There are so many books and blogs written about how to be happy, how to get what you want, how thinking positive thoughts will cure you of all your ills. In some ways this is yet another one of those blogs—written in the hopes of helping people live fuller, richer, happier lives.
And for that very reason I’m compelled to write about disappointment—because disappointment happens to all of us, because it is part of the experience of being human and to leave this or any of the other states of being out on the sidewalk would be to miss being present for the whole of it. I suppose, now that I consider it, this blog really isn’t about how to be happy, it’s about how to be real. It is intended to be company for those of us living our confusing, vulnerable, beautiful, tender, disappointing lives.
Most of us, most of the time, strive against disappointment. We’d rather be frustrated than disappointed because then we are still holding out for the possibility that if we just try a little more or kick a little harder we might get what we want. Disappointment is that state in which we recognize what isn’t possible. This sounds more depressing than it is. Still, I probably won’t sell millions of copies of my new book: Face Reality: Life is a Disappointment.
What you may not hear so often is that recognizing disappointment, accepting (different from resigning oneself which is just suppressed frustration) and acknowledging that life isn’t going your way takes you a great leap toward discovering what is possible. It’s not that then suddenly on the heels of acceptance all things fall perfectly into place. Disappointment brings understanding, not necessarily the understanding that you think you want, but the understanding of where you are and what is possible even if it isn’t what you originally thought you wanted. Leonard Cohen sings, “There is a crack in everything, that’s how the light gets in.”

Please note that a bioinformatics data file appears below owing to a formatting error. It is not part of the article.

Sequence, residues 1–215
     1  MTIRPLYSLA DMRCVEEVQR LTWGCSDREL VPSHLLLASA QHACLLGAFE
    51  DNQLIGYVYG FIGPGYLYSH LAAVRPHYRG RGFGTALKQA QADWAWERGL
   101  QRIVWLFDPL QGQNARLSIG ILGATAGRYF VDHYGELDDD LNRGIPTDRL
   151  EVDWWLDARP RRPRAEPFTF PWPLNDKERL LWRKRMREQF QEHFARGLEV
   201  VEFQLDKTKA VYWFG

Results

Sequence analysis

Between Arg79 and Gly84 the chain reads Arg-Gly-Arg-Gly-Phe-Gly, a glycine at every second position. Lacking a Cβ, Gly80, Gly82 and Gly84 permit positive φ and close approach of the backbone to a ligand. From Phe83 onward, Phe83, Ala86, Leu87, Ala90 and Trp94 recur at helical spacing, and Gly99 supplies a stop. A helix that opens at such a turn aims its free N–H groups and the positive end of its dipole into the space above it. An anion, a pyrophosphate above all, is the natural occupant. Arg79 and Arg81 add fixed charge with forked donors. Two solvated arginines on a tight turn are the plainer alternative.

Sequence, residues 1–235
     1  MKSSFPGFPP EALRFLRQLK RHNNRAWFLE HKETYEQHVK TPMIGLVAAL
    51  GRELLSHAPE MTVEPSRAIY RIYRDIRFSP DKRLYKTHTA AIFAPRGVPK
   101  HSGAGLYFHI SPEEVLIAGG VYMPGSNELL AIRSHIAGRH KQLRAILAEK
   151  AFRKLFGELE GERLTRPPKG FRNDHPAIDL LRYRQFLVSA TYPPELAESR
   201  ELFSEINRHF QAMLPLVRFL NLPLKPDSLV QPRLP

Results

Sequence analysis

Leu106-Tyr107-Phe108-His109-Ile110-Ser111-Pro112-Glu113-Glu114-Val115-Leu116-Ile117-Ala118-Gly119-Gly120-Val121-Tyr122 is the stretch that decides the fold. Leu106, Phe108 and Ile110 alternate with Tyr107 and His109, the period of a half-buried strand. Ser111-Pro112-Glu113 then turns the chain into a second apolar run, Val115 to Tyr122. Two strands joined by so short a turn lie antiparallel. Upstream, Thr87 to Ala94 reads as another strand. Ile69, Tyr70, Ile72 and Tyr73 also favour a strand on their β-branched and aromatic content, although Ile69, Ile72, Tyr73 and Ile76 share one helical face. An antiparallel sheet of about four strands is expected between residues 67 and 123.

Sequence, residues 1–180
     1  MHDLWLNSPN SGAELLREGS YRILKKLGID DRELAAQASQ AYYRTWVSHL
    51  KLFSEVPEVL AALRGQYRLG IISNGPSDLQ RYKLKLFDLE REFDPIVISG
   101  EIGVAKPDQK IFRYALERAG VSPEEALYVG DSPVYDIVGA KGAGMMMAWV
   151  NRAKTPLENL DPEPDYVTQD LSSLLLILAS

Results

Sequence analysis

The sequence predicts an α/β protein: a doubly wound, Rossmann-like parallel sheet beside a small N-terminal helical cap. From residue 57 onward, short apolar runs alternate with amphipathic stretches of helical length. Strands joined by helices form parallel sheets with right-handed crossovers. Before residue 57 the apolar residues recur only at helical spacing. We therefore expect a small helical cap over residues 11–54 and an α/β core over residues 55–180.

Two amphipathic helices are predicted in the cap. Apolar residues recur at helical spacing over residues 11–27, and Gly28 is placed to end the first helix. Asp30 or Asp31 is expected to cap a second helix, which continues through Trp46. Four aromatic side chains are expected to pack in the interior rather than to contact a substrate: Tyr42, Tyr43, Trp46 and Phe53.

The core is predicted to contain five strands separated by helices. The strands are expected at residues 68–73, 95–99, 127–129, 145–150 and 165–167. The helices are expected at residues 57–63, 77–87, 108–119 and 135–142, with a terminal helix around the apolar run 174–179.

I know two kinds of disappointment, they each seem to have there own flavor and at times come mixed one with the other. The first is the disappointment that we aren’t who we thought we were, or who we want to be—the reality that our identity is full of holes. Our fiction is falling apart. It wreaks havoc not only on how we view ourselves, but tends to turn all our beliefs upside down as well. The second disappointment is when our real human needs aren’t met. This is so, so sad and hard.
In the past handful of years I’ve predominantly experienced disappointment with my body not being able to be energetic and productive and strong (I thought I was a healthy, fit, busy person—disappointment #1) and a part of me, a cellular part of me wants to run, hike, work a full time job, dance all day (disappointment #2), and doesn’t like napping and resting so often (and then of course I am also listening to what my whole body needs which is often to rest and slow down). So what is one to do with this tender state of humanness besides eat a bucket of ice cream?
What would it be for any one of us to take disappointment on our lap and speak sweetly and lovingly to it, to notice the sensations that arise with disappointment, to find our feet and feel the weight of them, to hold our hearts and feel the openness of them?
Here we are breathing in and out, flowers on the table or growing up in the cracks of the sidewalk. At the same time that we explore and acknowledge what we want and need in the big vision of our lives, can we also come to rest in this moment and explore what is possible now (and what is not), what we can do to take care now, letting go of what we think this is supposed to look like?